Government, RBI should follow the 2013 playbook to stabilize the rupee
What worked in 2013 was the special window, through which oil marketing companies could meet their dollar requirements.
The rupee rebounded on Wednesday, on news that the government may announce measures to support the currency after a planned review of the economy by the Prime Minister this weekend. What measures can the government and the Reserve Bank of India (RBI) take?
We have a handy precedent in the methods adopted and the instruments used during the taper tantrum in 2013.
It pays to look into the past to know what may work and what won’t.
Back in 2013, the central bank had announced a series of measures that sought to stabilize the Indian currency by changing the dynamics of domestic liquidity. The accompanying chart shows the impact of each measure on the rupee. The hike in the effective policy rate, which was the marginal standing facility rate at that time, the cap on the amount banks can park at daily liquidity windows and others had, at best, a fleeting impact on the exchange rate.
What worked in 2013 was the special window, through which oil marketing companies could meet their dollar requirements. Of course, the game changer was the special swap for FCNR (foreign currency non-resident) deposits, which allowed banks to raise dollar deposits and swap the same with RBI at a subsidized rate.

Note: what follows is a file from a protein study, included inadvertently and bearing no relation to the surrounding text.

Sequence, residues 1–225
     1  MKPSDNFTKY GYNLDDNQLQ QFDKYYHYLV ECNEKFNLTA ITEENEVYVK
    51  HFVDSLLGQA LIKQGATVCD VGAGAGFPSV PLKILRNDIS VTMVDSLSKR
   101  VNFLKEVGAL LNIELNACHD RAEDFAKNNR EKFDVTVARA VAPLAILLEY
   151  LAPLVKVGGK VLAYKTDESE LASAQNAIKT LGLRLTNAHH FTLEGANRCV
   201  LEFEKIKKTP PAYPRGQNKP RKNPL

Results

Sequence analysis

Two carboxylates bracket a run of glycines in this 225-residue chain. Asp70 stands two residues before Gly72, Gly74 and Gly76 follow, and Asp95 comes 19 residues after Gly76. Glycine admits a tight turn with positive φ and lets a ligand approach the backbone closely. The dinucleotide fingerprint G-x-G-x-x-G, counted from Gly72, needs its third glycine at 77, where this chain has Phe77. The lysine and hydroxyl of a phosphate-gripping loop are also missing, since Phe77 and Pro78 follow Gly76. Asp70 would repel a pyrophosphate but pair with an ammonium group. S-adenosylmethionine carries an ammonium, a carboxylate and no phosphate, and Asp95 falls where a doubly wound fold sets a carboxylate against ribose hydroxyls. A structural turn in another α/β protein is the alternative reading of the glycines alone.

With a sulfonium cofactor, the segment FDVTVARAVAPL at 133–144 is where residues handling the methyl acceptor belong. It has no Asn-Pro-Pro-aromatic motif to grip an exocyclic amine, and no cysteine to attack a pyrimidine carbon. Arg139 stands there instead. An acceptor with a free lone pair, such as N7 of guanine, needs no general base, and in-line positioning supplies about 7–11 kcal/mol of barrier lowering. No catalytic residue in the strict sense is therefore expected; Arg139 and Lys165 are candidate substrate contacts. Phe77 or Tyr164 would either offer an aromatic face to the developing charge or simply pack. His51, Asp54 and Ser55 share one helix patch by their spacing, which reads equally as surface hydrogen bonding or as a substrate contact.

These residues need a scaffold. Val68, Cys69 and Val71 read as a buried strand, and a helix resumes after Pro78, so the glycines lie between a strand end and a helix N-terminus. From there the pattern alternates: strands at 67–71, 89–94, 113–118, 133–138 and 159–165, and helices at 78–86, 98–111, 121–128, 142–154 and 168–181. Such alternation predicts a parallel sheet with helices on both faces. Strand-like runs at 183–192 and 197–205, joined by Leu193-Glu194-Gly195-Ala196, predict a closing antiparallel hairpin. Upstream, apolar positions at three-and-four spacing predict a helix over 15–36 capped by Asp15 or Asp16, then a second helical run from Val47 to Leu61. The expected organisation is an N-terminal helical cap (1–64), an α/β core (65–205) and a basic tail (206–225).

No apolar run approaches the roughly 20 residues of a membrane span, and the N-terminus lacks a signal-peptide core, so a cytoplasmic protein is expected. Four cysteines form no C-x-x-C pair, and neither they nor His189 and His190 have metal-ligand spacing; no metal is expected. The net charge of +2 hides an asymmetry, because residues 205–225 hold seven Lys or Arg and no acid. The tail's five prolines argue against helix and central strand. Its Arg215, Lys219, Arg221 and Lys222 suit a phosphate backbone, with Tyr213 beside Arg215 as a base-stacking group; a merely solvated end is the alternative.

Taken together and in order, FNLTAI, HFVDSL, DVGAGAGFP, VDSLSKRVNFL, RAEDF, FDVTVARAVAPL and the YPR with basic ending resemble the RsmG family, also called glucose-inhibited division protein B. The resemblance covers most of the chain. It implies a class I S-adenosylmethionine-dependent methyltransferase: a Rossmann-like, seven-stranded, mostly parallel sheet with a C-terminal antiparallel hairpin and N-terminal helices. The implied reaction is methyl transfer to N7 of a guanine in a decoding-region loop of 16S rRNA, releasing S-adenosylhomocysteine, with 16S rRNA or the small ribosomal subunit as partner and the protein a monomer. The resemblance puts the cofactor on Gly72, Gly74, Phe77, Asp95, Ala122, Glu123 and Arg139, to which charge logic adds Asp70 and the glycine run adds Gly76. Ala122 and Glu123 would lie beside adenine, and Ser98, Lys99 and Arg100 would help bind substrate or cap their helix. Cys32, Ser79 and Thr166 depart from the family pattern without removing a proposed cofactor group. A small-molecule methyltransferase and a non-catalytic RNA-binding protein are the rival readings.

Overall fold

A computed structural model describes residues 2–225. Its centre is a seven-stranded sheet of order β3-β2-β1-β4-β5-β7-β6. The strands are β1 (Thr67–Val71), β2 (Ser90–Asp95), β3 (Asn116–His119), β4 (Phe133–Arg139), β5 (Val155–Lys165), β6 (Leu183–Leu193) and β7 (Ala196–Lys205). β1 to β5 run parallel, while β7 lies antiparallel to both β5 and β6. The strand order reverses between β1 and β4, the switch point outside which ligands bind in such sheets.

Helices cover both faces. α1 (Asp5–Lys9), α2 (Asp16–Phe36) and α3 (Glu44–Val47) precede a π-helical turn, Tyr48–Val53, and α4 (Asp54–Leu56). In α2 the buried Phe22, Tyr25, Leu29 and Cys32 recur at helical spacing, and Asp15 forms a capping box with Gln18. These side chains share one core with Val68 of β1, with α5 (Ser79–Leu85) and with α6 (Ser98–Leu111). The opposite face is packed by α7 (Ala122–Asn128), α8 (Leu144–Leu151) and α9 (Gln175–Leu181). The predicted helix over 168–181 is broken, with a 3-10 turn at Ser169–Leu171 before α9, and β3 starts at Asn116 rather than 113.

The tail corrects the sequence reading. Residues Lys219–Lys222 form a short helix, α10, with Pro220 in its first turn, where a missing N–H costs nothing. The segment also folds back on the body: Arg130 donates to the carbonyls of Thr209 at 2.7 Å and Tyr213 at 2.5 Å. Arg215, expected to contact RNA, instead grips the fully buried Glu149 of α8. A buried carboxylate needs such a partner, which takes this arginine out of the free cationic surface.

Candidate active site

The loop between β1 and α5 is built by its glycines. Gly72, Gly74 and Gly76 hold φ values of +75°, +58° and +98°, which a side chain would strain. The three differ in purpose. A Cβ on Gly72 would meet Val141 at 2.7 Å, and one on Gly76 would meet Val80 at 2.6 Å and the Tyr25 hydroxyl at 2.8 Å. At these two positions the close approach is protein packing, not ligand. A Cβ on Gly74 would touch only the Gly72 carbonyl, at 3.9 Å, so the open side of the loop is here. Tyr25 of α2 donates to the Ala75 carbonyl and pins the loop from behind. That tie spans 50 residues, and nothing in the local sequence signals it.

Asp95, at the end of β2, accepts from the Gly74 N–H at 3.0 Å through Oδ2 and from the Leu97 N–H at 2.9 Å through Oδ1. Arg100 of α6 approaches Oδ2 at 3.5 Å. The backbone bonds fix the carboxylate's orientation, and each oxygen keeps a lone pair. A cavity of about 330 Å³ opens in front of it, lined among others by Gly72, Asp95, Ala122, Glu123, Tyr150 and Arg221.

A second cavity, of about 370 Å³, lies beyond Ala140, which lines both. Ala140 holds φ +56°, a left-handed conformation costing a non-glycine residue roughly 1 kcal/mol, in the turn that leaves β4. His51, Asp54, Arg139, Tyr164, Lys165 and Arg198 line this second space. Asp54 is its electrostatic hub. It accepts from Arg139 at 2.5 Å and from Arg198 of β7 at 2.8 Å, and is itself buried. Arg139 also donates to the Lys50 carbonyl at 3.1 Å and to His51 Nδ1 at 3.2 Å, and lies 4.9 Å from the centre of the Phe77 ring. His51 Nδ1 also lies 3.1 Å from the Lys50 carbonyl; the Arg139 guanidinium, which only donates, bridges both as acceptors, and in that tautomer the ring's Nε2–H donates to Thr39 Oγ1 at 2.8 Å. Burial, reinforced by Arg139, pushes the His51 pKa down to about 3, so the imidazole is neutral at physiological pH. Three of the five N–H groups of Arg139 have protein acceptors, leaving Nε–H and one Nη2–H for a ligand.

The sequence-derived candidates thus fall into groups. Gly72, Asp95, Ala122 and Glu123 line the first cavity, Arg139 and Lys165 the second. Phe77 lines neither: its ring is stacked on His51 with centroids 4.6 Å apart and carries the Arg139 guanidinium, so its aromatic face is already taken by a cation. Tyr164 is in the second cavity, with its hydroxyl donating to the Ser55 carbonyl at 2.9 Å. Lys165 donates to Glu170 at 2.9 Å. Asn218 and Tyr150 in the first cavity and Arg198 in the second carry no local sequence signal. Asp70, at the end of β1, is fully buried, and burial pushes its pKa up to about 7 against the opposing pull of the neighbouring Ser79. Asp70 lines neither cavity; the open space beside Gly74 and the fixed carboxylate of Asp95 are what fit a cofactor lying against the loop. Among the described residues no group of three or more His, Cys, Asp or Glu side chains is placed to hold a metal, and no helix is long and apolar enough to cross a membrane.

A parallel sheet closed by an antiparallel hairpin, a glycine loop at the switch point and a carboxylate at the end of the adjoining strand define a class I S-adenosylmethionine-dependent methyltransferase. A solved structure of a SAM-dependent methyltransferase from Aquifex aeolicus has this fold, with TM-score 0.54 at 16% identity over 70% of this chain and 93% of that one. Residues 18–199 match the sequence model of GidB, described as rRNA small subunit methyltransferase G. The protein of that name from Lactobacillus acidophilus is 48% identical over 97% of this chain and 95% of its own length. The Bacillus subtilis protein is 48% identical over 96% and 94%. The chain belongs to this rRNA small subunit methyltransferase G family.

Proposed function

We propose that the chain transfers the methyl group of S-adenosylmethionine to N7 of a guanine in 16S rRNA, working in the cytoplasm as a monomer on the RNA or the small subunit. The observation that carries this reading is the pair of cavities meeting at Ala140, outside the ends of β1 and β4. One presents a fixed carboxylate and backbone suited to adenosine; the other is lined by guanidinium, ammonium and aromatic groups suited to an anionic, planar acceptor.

It is important to examine these when talks of the government tapping non-resident Indians through NRI bonds has surfaced. Analysts believe that this would have a salutary effect on the rupee. Sceptics say, however, that it may not have a lasting impact. “I think we have sort of missed the opportunity to stabilize the rupee,” said Abheek Barua, chief economist at HDFC Bank Ltd, adding that the market needs to see a decisive statement from RBI for sentiment to change.
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